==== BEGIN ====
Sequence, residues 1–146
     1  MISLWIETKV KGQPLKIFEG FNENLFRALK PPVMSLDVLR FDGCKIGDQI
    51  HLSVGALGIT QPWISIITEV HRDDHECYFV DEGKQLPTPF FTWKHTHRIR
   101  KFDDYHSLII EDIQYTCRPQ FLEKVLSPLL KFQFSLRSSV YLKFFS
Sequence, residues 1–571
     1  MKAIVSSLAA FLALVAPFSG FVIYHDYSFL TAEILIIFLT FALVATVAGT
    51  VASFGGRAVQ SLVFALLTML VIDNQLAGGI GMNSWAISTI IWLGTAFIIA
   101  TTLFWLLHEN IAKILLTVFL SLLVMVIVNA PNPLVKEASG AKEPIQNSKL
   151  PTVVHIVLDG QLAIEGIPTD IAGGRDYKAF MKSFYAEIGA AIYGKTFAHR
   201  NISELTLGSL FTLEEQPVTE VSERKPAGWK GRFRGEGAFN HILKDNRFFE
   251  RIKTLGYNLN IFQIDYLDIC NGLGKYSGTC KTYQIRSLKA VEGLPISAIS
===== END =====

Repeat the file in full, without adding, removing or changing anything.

Sequence, residues 1–146
     1  MISLWIETKV KGQPLKIFEG FNENLFRALK PPVMSLDVLR FDGCKIGDQI
    51  HLSVGALGIT QPWISIITEV HRDDHECYFV DEGKQLPTPF FTWKHTHRIR
   101  KFDDYHSLII EDIQYTCRPQ FLEKVLSPLL KFQFSLRSSV YLKFFS
Sequence, residues 1–571
     1  MKAIVSSLAA FLALVAPFSG FVIYHDYSFL TAEILIIFLT FALVATVAGT
    51  VASFGGRAVQ SLVFALLTML VIDNQLAGGI GMNSWAISTI IWLGTAFIIA
   101  TTLFWLLHEN IAKILLTVFL SLLVMVIVNA PNPLVKEASG AKEPIQNSKL
   151  PTVVHIVLDG QLAIEGIPTD IAGGRDYKAF MKSFYAEIGA AIYGKTFAHR
   201  NISELTLGSL FTLEEQPVTE VSERKPAGWK GRFRGEGAFN HILKDNRFFE
   251  RIKTLGYNLN IFQIDYLDIC NGLGKYSGTC KTYQIRSLKA VEGLPISAIS